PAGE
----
Articles Posted in force-placed insurance

A settlement deal reached in a Miami federal court ended with Bank of American and QBE Insurance Company agreeing to pay nearly $230 million for their dual roles in a kickback scheme that involved inflating the cost of insurance that was forced on homeowners who had defaulted. windowarchfrontdoor.jpg
Our
Miami foreclosure lawyers
know that these force-placed insurance deals plunged many distressed borrowers in Florida even further into debt, in some cases resulting in them losing their homes. This case, Hall v. Bank of America N.A., heard before the U.S. District Court in the Southern District of Florida (Miami), is the latest of several multi-million-dollar deals reached over the issue in the last year.

There is nothing inherently illegal about force-placed insurance per se. Lenders are allowed to take action to protect interest in a given property when a borrower has allowed the homeowner’s insurance to lapse – regardless of the reason.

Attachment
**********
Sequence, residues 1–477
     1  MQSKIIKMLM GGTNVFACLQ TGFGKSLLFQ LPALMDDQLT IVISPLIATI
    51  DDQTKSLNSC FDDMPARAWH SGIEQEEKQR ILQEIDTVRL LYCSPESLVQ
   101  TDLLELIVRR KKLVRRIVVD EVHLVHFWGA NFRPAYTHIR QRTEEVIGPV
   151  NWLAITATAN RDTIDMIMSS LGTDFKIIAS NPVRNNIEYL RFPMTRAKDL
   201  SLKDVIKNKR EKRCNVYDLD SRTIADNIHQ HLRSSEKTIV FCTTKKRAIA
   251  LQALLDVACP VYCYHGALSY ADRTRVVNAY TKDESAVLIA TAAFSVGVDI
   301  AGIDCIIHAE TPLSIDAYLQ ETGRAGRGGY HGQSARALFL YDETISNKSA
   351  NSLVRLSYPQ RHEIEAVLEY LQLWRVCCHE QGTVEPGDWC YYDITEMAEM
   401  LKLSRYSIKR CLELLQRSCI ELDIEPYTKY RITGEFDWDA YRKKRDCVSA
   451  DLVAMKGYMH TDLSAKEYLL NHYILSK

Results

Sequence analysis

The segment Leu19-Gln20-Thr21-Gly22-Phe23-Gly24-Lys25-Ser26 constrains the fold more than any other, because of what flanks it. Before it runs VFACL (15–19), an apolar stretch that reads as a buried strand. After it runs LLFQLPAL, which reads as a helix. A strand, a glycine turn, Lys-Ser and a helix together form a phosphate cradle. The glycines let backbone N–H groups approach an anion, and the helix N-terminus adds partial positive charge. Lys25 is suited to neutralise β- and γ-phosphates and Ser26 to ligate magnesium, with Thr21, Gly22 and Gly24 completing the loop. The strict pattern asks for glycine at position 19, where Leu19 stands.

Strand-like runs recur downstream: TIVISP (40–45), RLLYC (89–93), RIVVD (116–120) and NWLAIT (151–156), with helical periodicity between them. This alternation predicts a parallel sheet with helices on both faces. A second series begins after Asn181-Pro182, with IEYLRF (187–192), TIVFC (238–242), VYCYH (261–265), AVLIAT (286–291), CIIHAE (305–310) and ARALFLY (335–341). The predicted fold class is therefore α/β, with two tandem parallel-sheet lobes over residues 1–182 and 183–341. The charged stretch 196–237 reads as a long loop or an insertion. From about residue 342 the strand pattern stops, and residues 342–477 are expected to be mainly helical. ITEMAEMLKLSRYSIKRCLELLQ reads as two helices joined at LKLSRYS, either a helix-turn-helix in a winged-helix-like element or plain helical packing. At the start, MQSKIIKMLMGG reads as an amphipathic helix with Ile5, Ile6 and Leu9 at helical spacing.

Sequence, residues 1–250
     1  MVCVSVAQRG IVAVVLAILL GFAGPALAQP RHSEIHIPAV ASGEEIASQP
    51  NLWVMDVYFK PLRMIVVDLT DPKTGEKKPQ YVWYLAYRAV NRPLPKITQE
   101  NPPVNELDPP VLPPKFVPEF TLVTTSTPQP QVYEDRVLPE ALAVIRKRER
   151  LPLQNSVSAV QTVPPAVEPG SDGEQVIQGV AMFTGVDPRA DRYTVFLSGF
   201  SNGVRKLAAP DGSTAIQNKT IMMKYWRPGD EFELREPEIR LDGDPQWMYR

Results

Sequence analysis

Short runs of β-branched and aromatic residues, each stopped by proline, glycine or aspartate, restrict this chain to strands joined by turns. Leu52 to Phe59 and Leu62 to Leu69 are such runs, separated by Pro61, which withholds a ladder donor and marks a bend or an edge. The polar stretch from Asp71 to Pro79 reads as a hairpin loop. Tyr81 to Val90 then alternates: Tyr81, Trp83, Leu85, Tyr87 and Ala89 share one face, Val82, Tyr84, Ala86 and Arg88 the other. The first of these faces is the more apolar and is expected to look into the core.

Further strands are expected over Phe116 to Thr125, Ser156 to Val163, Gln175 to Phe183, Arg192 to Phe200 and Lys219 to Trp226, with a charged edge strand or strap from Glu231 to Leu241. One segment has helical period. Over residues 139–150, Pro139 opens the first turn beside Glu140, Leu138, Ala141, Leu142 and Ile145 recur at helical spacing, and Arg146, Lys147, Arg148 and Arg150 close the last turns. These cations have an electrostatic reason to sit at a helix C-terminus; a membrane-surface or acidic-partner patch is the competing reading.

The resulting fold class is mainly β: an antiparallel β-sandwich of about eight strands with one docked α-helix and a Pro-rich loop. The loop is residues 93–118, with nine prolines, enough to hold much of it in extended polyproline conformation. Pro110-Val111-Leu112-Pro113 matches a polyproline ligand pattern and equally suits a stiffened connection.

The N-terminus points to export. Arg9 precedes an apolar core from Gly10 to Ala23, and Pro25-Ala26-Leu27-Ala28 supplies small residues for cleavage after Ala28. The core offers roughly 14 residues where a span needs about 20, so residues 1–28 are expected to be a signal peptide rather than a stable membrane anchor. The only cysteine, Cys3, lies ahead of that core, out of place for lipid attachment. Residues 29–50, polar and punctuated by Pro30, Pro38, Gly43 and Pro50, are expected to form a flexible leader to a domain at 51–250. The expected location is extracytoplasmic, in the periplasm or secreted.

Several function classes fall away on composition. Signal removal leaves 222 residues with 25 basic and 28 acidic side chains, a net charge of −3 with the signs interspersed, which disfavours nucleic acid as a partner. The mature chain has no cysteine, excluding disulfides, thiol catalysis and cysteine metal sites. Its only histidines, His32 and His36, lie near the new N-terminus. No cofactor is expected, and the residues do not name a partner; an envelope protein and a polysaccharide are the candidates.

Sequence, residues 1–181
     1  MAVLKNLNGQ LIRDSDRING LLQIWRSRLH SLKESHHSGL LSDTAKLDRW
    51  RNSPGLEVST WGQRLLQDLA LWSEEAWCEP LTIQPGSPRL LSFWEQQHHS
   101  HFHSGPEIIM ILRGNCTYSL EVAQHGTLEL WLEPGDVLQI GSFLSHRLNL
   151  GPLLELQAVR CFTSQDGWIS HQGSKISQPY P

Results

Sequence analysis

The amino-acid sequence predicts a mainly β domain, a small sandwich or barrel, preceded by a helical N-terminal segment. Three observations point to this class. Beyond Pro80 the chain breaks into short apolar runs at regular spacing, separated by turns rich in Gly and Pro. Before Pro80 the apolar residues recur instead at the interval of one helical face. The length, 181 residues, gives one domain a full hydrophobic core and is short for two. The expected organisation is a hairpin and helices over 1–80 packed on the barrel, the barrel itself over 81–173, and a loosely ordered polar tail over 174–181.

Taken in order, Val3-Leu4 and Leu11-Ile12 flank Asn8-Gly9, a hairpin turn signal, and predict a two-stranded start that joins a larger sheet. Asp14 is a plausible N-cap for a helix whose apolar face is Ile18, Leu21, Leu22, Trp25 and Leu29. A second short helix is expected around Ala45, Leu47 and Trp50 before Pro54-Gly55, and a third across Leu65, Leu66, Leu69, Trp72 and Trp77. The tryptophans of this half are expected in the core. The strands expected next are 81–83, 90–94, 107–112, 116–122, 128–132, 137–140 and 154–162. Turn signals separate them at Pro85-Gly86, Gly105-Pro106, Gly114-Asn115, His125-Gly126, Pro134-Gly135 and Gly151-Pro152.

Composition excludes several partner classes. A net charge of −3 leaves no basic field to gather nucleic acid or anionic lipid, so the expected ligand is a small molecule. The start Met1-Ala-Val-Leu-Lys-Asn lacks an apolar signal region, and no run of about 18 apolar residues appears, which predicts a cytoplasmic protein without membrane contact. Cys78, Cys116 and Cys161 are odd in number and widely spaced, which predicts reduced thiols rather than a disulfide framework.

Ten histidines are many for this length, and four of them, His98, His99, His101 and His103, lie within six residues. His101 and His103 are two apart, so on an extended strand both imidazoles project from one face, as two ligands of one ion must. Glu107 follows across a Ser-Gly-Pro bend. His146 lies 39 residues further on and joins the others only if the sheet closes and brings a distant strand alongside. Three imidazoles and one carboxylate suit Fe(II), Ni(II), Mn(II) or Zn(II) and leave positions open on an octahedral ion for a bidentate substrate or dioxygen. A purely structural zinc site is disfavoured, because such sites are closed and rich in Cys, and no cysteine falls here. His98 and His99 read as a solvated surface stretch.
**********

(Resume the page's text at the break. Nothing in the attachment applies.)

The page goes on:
Forced-place insurance is usually obtained through companies that offer high-risk coverage. The reason is that most other companies won’t touch these cases because they recognize a higher probability of loss. Most of the time, these higher-risk policies are far more expensive.
Continue reading

The force-placed insurance market has a tight lock on Florida, which as a disaster-prone state accounts for 40 percent of default home insurance in the country. business.jpg

However, state regulators are now conducting a review to determine whether the inflated rates charged to customers who default on their home insurance is in line with proper legal and ethical practices.

Miami foreclosure lawyers know this isn’t the first time the industry has come under scrutiny, with similar reviews held by state officials in both New York and California.

It works like this:

If you fall behind on your home insurance payments and the policy is canceled, the bank that granted you the loan for the mortgage has the authority to essentially “force” an insurance policy. The idea is to ensure the investment is protected in case of a disaster, such as flooding or a fire or a hurricane.